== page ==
Battle of Little Bighorn a battle in which General George Custer and his forces were defeated by Sioux warriors on 25 June 1876, popularly known as Custer's Last Stand. It took place in the valley of the Little Bighorn River in Montana.
Little Englander a person who opposes an international role or policy for England (or, in practice, for Britain). The term dates from the late 19th century, and is currently often used in relation to opposition to Europe.
little fish are sweet figurative use to indicate that even a small gift or sum of money can be very welcome; saying recorded from the mid 19th century.
little gentleman in black velvet the mole, as a Jacobite toast, referring to the belief that William III's death resulted from the king's being thrown from his horse, Sorrel, when it stumbled on a molehill.
little green man an imaginary being from outer space. The expression is not recorded until the mid-20th century; the earliest literal use of the phrase, in Kipling's Puck of Pook's Hill (1906), refers to a Pictish warrior who is tattooed green.
little leaks sink the ship something apparently trivial may still cause serious damage; proverbial saying, early 17th century.
little local difficulties deliberately dismissive phrase used by Harold Macmillan (1894–1986) as Prime Minister, before leaving for a Commonwealth tour in January 1958, referring to the resignation of the Chancellor of the Exchequer and other members of the Cabinet.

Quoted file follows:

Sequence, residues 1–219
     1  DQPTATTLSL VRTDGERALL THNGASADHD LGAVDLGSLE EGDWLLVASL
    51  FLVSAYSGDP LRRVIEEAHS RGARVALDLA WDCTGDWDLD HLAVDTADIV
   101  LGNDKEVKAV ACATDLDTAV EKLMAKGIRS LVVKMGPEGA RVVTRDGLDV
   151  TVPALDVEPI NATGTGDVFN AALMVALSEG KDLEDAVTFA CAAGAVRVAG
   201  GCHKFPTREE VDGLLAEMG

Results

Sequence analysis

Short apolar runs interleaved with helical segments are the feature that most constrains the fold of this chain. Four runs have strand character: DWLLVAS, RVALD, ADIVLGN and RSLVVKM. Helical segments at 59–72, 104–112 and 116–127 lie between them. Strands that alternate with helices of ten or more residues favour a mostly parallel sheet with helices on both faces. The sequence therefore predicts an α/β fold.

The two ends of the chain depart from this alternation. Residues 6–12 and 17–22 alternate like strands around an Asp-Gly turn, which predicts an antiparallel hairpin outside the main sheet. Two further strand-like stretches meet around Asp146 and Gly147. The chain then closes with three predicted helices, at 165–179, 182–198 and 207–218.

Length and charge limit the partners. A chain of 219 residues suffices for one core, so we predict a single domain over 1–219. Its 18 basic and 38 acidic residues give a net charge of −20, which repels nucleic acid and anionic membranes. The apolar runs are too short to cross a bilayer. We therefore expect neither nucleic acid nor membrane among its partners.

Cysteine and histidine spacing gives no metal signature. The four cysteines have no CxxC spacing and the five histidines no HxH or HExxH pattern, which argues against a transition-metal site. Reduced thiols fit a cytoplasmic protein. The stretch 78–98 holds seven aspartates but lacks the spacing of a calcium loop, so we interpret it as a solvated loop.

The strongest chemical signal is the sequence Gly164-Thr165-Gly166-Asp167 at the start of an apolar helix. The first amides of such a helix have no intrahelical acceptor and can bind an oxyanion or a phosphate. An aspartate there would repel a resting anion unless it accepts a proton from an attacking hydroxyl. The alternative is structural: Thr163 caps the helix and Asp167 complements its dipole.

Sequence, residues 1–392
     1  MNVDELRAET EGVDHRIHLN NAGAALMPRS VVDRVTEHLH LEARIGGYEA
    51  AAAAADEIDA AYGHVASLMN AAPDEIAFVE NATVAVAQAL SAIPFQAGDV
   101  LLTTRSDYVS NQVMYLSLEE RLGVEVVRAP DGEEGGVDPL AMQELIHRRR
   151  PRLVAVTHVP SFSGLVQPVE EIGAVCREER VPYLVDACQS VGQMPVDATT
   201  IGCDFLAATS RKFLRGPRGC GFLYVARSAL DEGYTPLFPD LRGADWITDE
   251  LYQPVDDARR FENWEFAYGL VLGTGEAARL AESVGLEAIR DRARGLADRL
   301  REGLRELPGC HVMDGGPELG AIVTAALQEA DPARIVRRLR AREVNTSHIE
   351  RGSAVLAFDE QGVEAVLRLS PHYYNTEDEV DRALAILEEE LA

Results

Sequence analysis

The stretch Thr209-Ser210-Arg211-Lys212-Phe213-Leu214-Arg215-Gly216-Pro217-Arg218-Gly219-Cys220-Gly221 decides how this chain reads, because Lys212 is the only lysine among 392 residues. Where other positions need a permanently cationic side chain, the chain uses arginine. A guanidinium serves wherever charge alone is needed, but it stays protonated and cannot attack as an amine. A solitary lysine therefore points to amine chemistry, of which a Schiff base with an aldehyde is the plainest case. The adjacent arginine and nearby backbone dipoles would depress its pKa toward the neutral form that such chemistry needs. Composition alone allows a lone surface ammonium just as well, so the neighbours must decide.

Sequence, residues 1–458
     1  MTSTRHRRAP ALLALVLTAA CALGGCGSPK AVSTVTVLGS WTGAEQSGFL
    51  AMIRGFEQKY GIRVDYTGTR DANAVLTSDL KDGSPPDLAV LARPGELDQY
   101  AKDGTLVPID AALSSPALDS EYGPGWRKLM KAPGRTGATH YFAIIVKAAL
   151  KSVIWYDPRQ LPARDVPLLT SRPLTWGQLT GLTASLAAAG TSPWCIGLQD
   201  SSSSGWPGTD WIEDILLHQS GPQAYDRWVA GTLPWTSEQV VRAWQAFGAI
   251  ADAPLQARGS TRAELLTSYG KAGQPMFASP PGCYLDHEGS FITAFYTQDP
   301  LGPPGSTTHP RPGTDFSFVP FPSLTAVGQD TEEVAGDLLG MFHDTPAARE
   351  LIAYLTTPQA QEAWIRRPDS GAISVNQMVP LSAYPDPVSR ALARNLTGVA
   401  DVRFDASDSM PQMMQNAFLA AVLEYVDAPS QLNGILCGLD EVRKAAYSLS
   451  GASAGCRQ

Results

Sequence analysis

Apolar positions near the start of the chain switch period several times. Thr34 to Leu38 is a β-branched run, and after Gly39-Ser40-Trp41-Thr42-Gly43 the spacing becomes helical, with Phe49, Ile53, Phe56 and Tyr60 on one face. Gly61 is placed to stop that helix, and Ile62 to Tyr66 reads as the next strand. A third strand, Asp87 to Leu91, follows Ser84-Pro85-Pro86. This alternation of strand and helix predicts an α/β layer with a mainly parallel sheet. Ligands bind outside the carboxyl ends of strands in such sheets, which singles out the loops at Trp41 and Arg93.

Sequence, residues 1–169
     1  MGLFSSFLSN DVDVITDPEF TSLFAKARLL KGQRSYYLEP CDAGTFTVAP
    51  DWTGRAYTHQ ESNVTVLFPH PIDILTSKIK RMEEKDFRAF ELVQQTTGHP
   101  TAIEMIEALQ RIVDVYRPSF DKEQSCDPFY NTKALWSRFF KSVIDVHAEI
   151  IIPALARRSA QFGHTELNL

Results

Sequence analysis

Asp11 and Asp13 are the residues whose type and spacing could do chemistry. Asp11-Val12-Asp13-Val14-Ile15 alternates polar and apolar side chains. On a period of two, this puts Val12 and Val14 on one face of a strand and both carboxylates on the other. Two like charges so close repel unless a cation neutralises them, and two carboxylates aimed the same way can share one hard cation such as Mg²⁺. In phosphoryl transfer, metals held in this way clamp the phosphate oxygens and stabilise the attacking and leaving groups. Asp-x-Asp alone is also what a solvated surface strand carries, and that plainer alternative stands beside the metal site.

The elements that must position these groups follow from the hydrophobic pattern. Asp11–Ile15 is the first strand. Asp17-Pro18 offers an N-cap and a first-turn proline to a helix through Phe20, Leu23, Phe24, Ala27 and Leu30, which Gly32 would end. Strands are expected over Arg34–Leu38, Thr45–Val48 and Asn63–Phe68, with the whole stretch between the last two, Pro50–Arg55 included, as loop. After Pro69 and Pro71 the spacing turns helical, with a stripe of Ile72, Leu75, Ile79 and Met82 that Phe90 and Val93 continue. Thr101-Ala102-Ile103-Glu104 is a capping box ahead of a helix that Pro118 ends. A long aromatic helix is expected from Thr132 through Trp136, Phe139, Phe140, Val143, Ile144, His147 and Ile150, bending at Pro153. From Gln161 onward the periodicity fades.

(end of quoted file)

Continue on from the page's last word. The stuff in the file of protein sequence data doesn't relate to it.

Little Lord Fauntleroy the boy hero of Frances Hodgson Burnett's novel Little Lord Fauntleroy (1886), who wore velvet suits with lace collars, and had his hair in ringlets.
little pitchers have large ears children are likely to overhear what is not meant for them (a pitcher's ears are its handles); proverbial saying, mid 16th century.
a little pot is soon hot a small person quickly becomes angry or passionate; proverbial saying, mid 16th century.
Little Red Riding-hood the heroine of the nursery story by the French writer Charles Perrault (1628–1703), in which a woodcutter's daughter is menaced by a wolf which has eaten her grandmother and is lying in wait, disguised as the grandmother, for Red Riding-Hood herself.
little strokes fell great oaks a person or thing of size and stature can be brought down by a series of small blows; proverbial saying, early 15th century.
little thieves are hanged, but great ones escape sufficient power and influence can ensure that a wrongdoer is not punished. The saying is recorded in English from the mid 17th century; the related ‘little thieves are hanged, not big ones’ is found earlier in late 14th-century French.
little things please little minds often used as a rebuke or rejoinder; proverbial saying from the late 16th century. The Roman poet Ovid (43 bc–ad c. 17) in Ars Amatoria has, ‘small things enthral light minds.’
there is no little enemy proverbial saying, mid 17th century, meaning that any enemy can be dangerous; Chaucer in the Tale of Melibee (c.1386) has, ‘Ne be nat necligent to kepe thy persone, nat oonly fro thy grettest enemys, but fro thy leeste enemy. Senek seith: ‘.A man that is well avysed, he dredeth his leste enemy.’. ’